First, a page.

It’s that most wonderful time of year: the race to staff up with seasonal holiday workers.
Every year, hiring reaches new heights during the holiday season. The U.S. Bureau of Labor Statistics confirms that employment surges during the holiday months: “Employment in the retail trade industry typically rises in the final months of the year, a time when businesses expect a surge of holiday customers.”
Hiring in a tight labor market – unemployment remains under 4% – is already intensely competitive. And now employers have to do it even as major employers are adding hundreds of thousands of new jobs: Target aims to hire 125,000 seasonal workers, UPS 100,000, Amazon “tens of thousands,” and more. How can employers, especially small to midsize businesses, find seasonal workers while competing with recruitment efforts from some of the biggest companies in the nation?
First, think outside the box when recruiting.
We’ve previously written about recruitment tactics when faced with staffing shortages, and many of those recommendations apply to this situation, e.g., enticing retirement age workers to return to the workforce temporarily. Also be sure to avoid the most common mistakes when it comes to hiring. For example, in a labor market like this, it’s critical to remember that that job candidates are also job shoppers. When workers have options, they don’t just have to sell themselves to you; you also need to sell them on your workplace.
Second, make sure you retain those workers through the whole season.
Nothing is worse than thinking you’ve successfully filled a role, only to have it turnover. That risk increases dramatically in tight labor market conditions, because prospective workers have a lot of options. If they’re not happy, they’ll leave. So, consider implementing a few retention strategies. For instance, offer end of season bonuses to seasonal workers who remain for the whole time period. You might also try to offer nice little perks, like free food, flexible scheduling if possible, and so on.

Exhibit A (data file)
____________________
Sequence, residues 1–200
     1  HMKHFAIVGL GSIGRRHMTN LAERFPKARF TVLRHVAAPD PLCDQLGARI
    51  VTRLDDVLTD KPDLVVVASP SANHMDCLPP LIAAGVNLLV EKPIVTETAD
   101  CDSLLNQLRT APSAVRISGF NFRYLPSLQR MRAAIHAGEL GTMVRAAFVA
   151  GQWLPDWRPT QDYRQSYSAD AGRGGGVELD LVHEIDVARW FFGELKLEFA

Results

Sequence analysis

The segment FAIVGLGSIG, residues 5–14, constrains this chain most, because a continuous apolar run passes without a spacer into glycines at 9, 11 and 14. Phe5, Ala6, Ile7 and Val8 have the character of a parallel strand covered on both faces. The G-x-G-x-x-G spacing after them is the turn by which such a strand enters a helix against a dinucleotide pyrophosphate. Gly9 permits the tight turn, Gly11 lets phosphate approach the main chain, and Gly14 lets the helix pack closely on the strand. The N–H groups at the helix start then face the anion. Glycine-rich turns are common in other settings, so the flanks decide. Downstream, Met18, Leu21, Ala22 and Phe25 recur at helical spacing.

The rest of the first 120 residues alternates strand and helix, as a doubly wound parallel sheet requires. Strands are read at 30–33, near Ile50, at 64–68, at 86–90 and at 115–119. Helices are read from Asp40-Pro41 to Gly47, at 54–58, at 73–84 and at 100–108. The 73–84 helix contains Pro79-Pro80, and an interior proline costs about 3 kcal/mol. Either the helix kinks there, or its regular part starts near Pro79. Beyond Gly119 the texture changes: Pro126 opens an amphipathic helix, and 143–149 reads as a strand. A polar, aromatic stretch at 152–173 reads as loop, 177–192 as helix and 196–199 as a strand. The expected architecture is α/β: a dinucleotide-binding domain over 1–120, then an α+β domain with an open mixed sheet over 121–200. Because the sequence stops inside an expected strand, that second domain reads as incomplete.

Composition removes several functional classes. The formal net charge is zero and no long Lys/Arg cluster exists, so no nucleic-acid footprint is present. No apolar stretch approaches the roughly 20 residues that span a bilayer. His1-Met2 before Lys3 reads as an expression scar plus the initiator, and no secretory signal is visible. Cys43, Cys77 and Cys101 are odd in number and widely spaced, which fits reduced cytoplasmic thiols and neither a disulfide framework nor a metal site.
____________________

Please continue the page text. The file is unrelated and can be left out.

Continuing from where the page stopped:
Third, stay compliant with regulations.
Seasonal work introduces some specific compliance challenges. For example, some seasonal businesses – those that operate less than seven months a year – can qualify for exemptions from typical minimum wage and overtime regulations. However, those exemptions do not apply to year-round businesses that simply hire seasonal workers. Indeed, pay close attention to local, state, and federal regulations when it comes to issues around overtime hours, compensation, employing teenagers, and whether or not seasonal workers qualify for benefits like health insurance.
CoAdvantage, one of the nation’s largest Professional Employer Organizations (PEOs), helps small to mid-sized companies with HR administration, benefits, payroll, and compliance. To learn more about our ability to create a strategic HR function in your business that drives business growth potential, contact us today.